SINGAPORE – A dentist on conditional registration has been fined $50,000 for treating prison inmates over a nine-month period without his supervisor present.
Dr Matthew Angus Christopher Campbell, an Australian, has to also pay all costs of the Singapore Dental Council’s (SDC) disciplinary hearing, the Council’s disciplinary committee said in judgment released recently.
However, the dentist has left the country.
Conditionally registered dentists are required to work under supervision for at least two years to be granted full registration in Singapore.
Dr Campbell was employed by a clinic here and had a fully registered dentist as his supervisor.
However, according to Singapore Prison Service records, he worked on inmates in 2015 without the presence of his supervisor for a total of 75 days from March 30 to Dec 24. He was the only dentist there an average of 8.1 hours a week.
The records also showed that in the same time period, Dr Campbell had worked 15 days while the supervising dentist was in the prison premises.
Both the supervisor and the dentist supervised are responsible for adhering to SDC regulations for conditional registration.
The Straits Times understands that there is a separate disciplinary inquiry looking into the actions of the supervisor, who was identified as Dr X by the disciplinary committee.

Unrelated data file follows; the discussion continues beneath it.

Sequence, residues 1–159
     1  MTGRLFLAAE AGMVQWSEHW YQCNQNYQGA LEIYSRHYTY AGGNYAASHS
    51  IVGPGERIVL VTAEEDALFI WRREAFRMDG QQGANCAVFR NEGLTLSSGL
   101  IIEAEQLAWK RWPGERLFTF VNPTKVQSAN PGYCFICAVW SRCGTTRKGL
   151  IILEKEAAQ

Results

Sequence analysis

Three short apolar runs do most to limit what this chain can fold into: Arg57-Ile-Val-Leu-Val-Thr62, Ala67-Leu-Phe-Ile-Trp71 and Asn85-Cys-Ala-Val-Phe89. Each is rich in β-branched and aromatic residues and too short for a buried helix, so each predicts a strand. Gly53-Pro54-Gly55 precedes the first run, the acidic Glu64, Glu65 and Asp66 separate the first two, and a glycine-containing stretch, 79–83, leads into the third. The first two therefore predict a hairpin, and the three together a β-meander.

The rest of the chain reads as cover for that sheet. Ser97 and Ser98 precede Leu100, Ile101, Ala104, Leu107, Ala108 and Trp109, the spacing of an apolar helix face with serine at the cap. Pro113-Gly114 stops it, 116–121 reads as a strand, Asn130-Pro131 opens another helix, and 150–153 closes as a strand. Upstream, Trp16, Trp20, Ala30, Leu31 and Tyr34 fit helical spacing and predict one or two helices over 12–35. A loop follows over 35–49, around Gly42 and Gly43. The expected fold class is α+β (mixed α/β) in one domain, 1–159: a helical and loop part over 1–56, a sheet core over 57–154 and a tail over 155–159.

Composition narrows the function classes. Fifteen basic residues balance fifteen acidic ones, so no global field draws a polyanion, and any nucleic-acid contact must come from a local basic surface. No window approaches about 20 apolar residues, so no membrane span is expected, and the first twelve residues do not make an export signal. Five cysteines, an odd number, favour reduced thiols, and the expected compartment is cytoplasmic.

“Dr Campbell’s choice to treat these inmate-patients without Dr X being present to supervise him amounted to a disregard for his patients’ welfare, safety and best interests,” said the disciplinary committee.
However, it noted that none of the estimated 1,125 to 2,500 prisoners he treated, while not under supervision, suffered any actual harm.
Dr Campbell had “showed no remorse at all for the offence he had committed. Instead of contrition, his words conveyed arrogance, defiance”, said the committee.
It added that he even “mounted an attack on SDC counsel, and argued that he was denied procedural fairness”.
In deciding on the penalty, the committee also took into account Dr Campbell’s statement in September last year that he did not intend to renew his practising certificate here, and that he is also not practising in Australia.
As such, it said there was no punitive effect in suspending him from practice. It would have suspended him for a year if he was still in practice, the disciplinary committee added.
Instead, it opted for the maximum $50,000 fine, adding that it “would have imposed a much higher fine if it were within its power to do so, but it is not”.
It said given his base salary was $10,000 a month, a one year suspension would have equalled a fine of $120,000 – above the maximum fine it can impose.
Aside from his base salary, Dr Campbell had also received a commission for seeing the prison inmates.
It is not stated in the recently released published grounds of decision how the incident came to light or who filed the complaint against him in May 2017.